Designing Practical and Fair Sequential Team Contests
DECEMBER 23, 2020
Abstract: Economists have long recognized that the effect of the order of actions in sequential contests on performance of the contestants is far from negligible. We model the tiebreak mechanisms, known as penalty shootouts, which have sequential move order and are used in several team-sports contests, as a practical dynamic mechanism-design problem. We characterize all sequentially fair mechanisms; in such mechanisms two balanced teams have equal chances to win the shootout whenever the score is tied after equal numbers of attempts and hence move order has no relevance for winning chances. Using additional desirable properties, we uniquely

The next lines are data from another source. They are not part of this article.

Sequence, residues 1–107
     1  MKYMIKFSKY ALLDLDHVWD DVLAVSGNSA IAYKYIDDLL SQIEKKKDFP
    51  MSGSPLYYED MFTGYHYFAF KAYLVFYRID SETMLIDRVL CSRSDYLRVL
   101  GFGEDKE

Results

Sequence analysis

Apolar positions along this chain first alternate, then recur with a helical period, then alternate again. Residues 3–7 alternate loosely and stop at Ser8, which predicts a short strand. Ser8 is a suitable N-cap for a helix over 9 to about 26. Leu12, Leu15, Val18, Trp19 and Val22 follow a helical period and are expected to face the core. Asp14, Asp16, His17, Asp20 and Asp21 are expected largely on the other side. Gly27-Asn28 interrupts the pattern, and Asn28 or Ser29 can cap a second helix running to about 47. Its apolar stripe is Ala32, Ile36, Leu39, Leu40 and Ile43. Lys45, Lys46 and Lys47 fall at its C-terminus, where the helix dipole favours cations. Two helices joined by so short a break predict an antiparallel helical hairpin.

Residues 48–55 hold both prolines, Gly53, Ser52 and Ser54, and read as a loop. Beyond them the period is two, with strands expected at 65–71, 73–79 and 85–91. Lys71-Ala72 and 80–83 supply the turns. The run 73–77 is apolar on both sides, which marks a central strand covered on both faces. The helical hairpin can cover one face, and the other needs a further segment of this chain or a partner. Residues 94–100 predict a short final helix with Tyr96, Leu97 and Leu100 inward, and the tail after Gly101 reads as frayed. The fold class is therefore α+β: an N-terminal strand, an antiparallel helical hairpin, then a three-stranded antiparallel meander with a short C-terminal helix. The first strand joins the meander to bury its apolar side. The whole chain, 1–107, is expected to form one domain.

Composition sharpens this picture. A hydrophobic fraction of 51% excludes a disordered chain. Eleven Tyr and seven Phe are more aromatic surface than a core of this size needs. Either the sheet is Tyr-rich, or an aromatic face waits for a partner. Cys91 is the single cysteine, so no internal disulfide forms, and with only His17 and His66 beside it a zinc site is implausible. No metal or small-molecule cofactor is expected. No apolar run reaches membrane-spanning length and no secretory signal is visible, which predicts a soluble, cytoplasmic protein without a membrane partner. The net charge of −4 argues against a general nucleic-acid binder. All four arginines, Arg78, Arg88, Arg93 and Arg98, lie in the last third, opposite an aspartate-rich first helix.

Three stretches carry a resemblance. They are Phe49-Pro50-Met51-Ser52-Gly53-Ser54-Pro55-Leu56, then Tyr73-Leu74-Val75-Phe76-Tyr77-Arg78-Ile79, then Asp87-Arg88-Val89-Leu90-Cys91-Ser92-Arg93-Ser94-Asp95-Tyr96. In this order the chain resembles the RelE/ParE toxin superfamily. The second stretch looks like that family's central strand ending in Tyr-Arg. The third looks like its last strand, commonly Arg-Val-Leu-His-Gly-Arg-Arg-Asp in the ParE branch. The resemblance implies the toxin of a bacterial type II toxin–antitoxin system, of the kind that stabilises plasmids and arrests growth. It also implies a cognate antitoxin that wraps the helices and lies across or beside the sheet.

characterize practical mechanisms. In most sports, such as football and hockey, the order in which teams take the penalties is fixed, known as ABAB, and a few high-level football competitions recently adopted the alternating-order variant mechanism, ABBA. Our results imply that these two and all other exogenous-order mechanisms – with one exception – are sequentially unfair in regular rounds. Although ABBA is sequentially fair in sudden-death rounds, ABAB fails there, too. Our theory supports empirical studies linking ABAB to unfair outcomes and multiple equilibria in terms of winning chances of the first- vs. second-kicking teams in different football traditions.